One month after the National Labor Relations Board absolved McDonald’s of responsibility for alleged labor violations by its franchisees, the franchise industry received further clarity on the issue of joint employment after the U.S. Department of Labor issued a final rule January 12 with criteria for determining when a franchisor can be held liable for the compensation practices and other employment policies of its franchisees.
The NLRB caused perhaps the biggest headache in franchising in 2014 when it expanded the definition of who is a joint employer. Now, with the final DOL rule, there is clear criteria in the form of a four-factor balancing test to determine if a franchisor is a joint employer under the Fair Labor Standards Act. The franchisor can be considered a joint employer if it:
• Hires and fires the franchisee’s employees;
• Supervises and controls the employees’ work schedule or conditions of employment to a substantial degree;
• Determines the employee’s wages and method of payment; and
• Maintains the employee’s employment records.
"These revisions will add certainty regarding what business practices may result in joint employer status," the DOL said in its issuing of the rule. "This rule promotes greater uniformity among court decisions by providing a clearer interpretation of FLSA joint employer status. These benefits will in turn improve employers’ ability to remain in compliance with the FLSA and will help reduce litigation costs.
The International Franchise Association, which in the past had called joint employer an "existential threat" to the industry, applauded the DOL for this latest decision, calling it a "return to a simple, clear, and thoughtful joint employer standard," said Robert Cresanti, IFA’s president and CEO, in a statement. "This resolution provides much-needed clarity for the 733,000 franchise establishments across America, and returns to the traditional standard of business that has fundamentally supported and encouraged franchise entrepreneurship for decades."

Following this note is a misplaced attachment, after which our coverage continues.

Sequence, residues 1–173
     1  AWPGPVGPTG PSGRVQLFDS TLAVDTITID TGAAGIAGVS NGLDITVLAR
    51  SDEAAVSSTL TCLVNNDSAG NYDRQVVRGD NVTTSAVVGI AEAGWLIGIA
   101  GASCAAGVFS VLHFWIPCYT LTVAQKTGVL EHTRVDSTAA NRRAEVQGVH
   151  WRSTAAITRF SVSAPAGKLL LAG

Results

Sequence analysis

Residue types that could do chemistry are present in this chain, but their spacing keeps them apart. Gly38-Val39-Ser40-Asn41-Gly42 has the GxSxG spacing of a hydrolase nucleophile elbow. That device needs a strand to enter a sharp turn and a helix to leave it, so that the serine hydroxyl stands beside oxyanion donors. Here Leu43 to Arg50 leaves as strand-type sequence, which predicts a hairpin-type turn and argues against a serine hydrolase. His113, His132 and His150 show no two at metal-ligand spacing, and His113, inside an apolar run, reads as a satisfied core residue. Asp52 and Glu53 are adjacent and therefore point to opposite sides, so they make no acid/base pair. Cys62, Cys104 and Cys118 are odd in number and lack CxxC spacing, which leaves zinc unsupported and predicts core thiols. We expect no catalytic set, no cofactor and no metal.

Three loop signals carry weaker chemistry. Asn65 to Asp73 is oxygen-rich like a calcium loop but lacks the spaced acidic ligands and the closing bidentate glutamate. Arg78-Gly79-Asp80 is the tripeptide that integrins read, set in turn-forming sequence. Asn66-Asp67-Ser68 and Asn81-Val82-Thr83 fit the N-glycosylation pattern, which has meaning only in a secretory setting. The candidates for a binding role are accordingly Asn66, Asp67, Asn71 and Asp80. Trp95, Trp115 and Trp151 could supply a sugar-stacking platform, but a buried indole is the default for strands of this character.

"I am very pleased with the bipartisan support this ruling received from Congress and look forward to removing the cloud of uncertainty over future franchise operations," continued Cresanti.
Later, in a letter to IFA members, Cresanti said the new rule "can restore the clarity associated with the previous definition—which leads to lower costs and greater growth for franchises of all sizes. It also better allows for franchisors and franchisees to work together to promote franchisee employee advancement and provide a consistent, quality experience to franchisee customers."
The final rule takes effect March 16, 2020, but it’s worth noting this new definition has not yet been adopted by other federal agencies involved in the regulation of labor practices, such as the Equal Employment Opportunity Commission.